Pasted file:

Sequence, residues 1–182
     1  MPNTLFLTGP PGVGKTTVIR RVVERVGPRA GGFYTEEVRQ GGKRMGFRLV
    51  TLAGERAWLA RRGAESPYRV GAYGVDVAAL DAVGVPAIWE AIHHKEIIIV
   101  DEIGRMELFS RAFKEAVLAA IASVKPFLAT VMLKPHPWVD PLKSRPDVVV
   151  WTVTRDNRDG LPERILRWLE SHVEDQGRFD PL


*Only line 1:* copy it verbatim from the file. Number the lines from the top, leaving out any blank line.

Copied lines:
Sequence, residues 1–182